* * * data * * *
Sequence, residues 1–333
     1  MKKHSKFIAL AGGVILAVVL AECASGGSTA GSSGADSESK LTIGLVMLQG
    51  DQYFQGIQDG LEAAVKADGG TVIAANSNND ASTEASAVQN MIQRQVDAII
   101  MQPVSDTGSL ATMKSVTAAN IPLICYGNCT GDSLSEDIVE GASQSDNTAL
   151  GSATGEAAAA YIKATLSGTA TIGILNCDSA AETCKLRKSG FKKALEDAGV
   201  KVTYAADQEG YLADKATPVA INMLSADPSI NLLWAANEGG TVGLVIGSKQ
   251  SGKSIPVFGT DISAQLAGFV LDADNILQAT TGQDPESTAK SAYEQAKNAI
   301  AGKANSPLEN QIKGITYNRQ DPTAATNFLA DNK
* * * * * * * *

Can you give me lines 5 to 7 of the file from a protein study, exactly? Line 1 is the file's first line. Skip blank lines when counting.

   151  GSATGEAAAA YIKATLSGTA TIGILNCDSA AETCKLRKSG FKKALEDAGV
   201  KVTYAADQEG YLADKATPVA INMLSADPSI NLLWAANEGG TVGLVIGSKQ
   251  SGKSIPVFGT DISAQLAGFV LDADNILQAT TGQDPESTAK SAYEQAKNAI